“I’m from Iraq,” Sara begins as she introduces herself on the first day of class. She continues, “I’ve been in America two years. My husband was killed by ISIS.” The room falls silent. What can one say to that?

“My father is in Syria. He has cancer, and today his hospital is surrounded by war.” That’s what Fatima told me in October, with tears in her eyes, as she registered for English classes. She left Syria three years ago with her husband and toddling twins. Now she worries about her father who not only has cancer, but it isn’t safe going to get treatment on any given day. Will she be able to bring her parents here to Philadelphia?

“My husband left me and went back to Egypt,” Eman said. Her two young children were playing out in the hallway. “I’m so sorry. What are you going to do?” I asked as a friend interpreted into Arabic. “I don’t know. I have nothing. I need a job. But I’ve never had a job before.” Her husband had worked and supported the family, now leaving Eman alone with practically no life skills. How will she pay rent next month? If she gets a job (without any English) who will take care of her children? From Egypt, Eman is here as an immigrant with a green card, so she discovered she has access to welfare. A blessing—she needs the food stamps and job skills training—but welfare will only get her so far as she starts out her new life. Who will take care of her and her children?

“Do you have a car?” “No.” “Do you have a washer or dryer?” “No.” “Where’s your husband?” “He works construction in Michigan for maybe a month at a time. He comes home for a week then leaves again.” “So . . . are you happy here in Philadelphia?” “Yes!” Maria is from Brazil, and here in Philadelphia, she says, she is happy because it is safe and there is peace. In Brazil she cannot walk down the street of her city without concern of being robbed at gunpoint. Her friends cannot own cars because they will inevitably be stolen, again at gunpoint. Maria went on to explain to me that she walks to the grocery store, asks friends to drive her to the laundromat, and walks 40 minutes to our church, if the weather’s not too bad. Northeast Philadelphia is safe compared to her country. She can walk to church without concern. She can buy groceries without worrying about inflation. I wonder . . . can I learn something from Maria’s contentedness?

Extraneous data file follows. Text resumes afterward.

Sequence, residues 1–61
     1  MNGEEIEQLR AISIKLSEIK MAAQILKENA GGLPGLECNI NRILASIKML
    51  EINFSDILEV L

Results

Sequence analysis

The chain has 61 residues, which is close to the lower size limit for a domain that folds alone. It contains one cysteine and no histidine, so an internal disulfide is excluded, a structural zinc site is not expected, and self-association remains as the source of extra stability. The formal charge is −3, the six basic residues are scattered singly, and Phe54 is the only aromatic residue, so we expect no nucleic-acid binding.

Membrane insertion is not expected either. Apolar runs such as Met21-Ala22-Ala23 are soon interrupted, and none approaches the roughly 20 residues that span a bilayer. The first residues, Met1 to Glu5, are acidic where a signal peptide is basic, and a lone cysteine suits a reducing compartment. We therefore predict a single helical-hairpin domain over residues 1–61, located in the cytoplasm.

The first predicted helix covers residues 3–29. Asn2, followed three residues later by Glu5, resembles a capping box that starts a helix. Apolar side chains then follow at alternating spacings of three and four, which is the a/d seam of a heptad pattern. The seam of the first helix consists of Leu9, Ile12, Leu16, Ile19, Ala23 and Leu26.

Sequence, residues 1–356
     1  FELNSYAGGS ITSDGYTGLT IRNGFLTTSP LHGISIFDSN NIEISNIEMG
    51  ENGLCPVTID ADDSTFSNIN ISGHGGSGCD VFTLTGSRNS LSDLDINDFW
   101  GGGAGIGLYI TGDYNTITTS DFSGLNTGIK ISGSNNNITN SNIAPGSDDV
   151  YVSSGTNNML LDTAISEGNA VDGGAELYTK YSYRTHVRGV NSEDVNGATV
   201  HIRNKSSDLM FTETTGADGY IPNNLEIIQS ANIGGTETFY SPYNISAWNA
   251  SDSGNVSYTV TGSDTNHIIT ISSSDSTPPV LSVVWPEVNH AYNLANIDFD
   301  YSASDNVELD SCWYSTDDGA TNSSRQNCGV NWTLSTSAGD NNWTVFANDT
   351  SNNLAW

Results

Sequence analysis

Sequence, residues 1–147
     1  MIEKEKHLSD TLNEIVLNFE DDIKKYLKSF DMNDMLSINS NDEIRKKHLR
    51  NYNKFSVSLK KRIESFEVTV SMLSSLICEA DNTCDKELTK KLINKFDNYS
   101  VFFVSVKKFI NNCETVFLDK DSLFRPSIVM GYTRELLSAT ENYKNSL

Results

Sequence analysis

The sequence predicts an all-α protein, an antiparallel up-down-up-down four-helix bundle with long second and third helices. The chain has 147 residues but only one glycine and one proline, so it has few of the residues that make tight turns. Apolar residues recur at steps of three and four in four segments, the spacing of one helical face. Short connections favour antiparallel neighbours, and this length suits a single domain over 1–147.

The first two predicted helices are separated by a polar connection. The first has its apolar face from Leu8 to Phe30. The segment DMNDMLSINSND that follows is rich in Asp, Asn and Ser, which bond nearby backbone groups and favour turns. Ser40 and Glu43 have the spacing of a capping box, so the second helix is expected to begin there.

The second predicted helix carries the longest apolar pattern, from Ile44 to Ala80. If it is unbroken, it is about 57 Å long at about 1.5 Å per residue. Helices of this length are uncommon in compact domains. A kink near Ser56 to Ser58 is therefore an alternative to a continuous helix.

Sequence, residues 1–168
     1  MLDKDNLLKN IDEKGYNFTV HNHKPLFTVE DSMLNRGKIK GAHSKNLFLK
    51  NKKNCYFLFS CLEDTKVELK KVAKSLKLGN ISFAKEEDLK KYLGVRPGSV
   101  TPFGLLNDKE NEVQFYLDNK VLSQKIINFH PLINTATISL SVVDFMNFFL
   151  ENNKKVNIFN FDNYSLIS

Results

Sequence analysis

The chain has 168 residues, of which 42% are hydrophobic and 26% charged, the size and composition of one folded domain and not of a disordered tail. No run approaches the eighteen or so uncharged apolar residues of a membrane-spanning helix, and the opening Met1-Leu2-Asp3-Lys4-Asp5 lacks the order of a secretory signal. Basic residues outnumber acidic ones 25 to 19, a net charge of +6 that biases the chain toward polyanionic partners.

These stories are directly from the students in the ESL ministry at GROW Northeast, part of Northeast Community Church in Northeast Philly. We share heart-wrenching stories because they move us. Who can touch hearts to empty the pain and refill them with peace and hope and love? Our God is mighty to save, full of compassion and abounding in love. And, much to our surprise and delight, he chooses his children (read: us) to share his story of salvation, compassion, and love with others. It is through him that there is hope.

The verse often strikes me, “How are they [Gentiles] to believe in him of whom they have never heard? . . . And how are they [believers] to preach unless they are sent? As it is written, ‘How beautiful are the feet of those who preach the good news!’” (Romans 10:14–15). This is how GROW Northeast serves. We send Christians into the classrooms and lives of internationals to share spiritual hope through the good news of Jesus and earthly hope through English classes. Restoration comes from the body of Christ, made up of many people playing many parts.



Philadelphia will always be receiving refugees and immigrants. Many of them have never heard of Jesus Christ. Will you help us love our neighbors? We have many openings: helping a teacher in a classroom, playing with preschool- and school-age kids, serving as a board member, giving financially. Check out our website for more information and our schedule at grownortheast.org. Contact Jennifer Taylor Hogg with interest or questions.

Thanks, always, for your prayers and support of GROW Northeast and Northeast Community Church.

© 2024 Tenth Presbyterian Church.

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Please include the following statement on any distributed copy: By Jen Hogg. © 2024 Tenth Presbyterian Church. Website: tenth.org